Cache miss stampedes

Brad Oaks bradoaks at
Wed Jul 25 17:12:02 UTC 2007

When we were replacing a shared memory cache with memcached I had to
come up with a way to keep the database from getting hammered when a
frequently requested value expires from the cache.  This is my story:

Our system caches the frequently requested key for an unreasonably
long time (24hours).  It also caches a "semaphore" key for the amount
of time that I want the main key's data to be refreshed (5 minutes).

When a process notices that the main key or the semaphore key no
longer exist in the cache, it checks to see if a third key exists --
this is the "updatelock" key.

If this updatelock key does not exist, the process will set the key.
The hostname and process id are stored in the value.  This key is
stored with a small timeout in case the process hangs or dies after
staking a claim to the updatelock key.  After attempting to set the
updatelock key, the process reads the updatelock cached key to make
sure it corresponds to its hostname and process id.  If these do not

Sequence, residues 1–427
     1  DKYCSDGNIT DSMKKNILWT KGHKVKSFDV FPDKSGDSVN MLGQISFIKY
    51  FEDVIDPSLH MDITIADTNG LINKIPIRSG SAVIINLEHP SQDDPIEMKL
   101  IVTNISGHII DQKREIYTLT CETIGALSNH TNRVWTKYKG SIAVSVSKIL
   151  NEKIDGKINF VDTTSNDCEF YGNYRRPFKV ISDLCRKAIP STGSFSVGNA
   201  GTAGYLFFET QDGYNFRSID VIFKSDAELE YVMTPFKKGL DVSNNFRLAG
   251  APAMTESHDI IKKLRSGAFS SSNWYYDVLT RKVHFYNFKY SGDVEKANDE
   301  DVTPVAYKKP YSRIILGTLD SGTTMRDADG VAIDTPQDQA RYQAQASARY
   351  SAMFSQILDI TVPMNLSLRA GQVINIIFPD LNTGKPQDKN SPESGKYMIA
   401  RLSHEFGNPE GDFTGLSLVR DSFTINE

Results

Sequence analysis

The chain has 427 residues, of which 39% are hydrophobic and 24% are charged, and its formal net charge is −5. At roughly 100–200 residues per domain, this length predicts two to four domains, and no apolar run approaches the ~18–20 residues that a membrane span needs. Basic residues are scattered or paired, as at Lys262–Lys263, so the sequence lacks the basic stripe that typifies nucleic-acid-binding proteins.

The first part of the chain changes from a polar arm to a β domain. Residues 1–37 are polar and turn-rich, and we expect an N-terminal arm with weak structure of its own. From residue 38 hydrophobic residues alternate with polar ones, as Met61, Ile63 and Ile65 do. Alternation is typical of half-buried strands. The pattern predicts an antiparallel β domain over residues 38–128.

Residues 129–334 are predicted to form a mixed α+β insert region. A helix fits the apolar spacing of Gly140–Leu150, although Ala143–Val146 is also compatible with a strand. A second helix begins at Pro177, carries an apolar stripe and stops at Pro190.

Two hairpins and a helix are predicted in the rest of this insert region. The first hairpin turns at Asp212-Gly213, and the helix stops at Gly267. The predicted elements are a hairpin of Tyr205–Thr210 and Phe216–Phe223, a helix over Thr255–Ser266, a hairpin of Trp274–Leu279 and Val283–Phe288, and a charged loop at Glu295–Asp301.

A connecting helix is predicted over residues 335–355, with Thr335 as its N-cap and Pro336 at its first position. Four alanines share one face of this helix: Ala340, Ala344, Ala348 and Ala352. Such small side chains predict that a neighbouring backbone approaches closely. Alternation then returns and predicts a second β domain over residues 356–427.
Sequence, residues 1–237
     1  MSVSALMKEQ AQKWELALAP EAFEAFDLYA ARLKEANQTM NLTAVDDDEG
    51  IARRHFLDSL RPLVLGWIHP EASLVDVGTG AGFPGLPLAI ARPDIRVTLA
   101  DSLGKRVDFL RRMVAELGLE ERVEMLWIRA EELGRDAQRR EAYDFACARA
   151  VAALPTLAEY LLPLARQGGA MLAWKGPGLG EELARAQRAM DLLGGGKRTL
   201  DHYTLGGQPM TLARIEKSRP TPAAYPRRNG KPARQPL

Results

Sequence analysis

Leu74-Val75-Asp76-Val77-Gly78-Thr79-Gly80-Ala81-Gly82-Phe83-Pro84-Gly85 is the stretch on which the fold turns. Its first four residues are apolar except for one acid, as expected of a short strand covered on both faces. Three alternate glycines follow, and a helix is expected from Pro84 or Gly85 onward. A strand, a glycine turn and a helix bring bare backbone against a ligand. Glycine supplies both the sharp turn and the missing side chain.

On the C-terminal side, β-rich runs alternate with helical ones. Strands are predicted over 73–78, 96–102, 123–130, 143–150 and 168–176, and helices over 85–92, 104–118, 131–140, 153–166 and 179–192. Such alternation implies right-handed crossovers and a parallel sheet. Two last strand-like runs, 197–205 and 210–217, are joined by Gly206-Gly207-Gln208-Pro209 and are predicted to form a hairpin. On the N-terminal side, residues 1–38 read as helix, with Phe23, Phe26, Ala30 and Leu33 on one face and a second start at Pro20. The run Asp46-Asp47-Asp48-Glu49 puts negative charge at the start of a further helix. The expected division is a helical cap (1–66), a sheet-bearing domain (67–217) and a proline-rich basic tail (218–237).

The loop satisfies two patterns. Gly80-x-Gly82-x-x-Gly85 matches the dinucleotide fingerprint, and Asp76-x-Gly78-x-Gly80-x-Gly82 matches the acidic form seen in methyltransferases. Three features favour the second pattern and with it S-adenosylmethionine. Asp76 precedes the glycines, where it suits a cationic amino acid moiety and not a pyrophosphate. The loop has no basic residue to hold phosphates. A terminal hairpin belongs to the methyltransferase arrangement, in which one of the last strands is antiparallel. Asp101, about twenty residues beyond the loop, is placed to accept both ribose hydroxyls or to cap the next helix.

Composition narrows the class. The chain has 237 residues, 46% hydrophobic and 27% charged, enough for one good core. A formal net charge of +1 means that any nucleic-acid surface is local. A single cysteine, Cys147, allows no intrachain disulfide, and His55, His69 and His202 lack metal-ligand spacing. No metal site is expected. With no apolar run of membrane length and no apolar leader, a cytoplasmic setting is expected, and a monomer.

match, someone else is responsible for performing the update.  Once
this is satisfied, the process performs the database lookup.
The process then sets the main key, sets a new semaphore key, and
deletes the updatelock key.

This scheme makes sure that only one of the processes is trying to hit
the database for this particulary heavily use key.  If the main key
doesn't exist at all, but the updatelock is set by another process, I
just have the process sleep for a second and try again.  This scenario
should only happen on a dump of the memcached pool, or if that
frequently requested key goes dormant for more than 24 hours.

We don't use this for our lower traffic keys, and only use this scheme
if the key will be accessed across an entire site on most requests.

my $0.02,

On 7/25/07, Chris Hondl <chris at> wrote:
> We've hit this scenario several times over the past year on different
> queries - typically slow queries (5-10 seconds) on frequently accessed web
> pages.  We usually cache these for 6 hours or longer.
> We handle this with a probabilistic timeout implemented in our application.
> We store a timestamp and expiration time serialized as part of the value set
> to memcache.  The last minute or so before the key expires we randomly run
> the query and set the value to memcache with a new expiry.  The probability
> ramps up from 0% to 100% over the last minute or so.
> In two places we use a different algorithm.  We set no expiry on the value,
> but on every get we have a 1 in N chance of refreshing the value.  We tune N
> so that the value gets refreshed approximately once every 5 minutes.
> Annoying part about this is as our traffic grows we have to change N to keep
> the expected interval constant.
> Chris
> --

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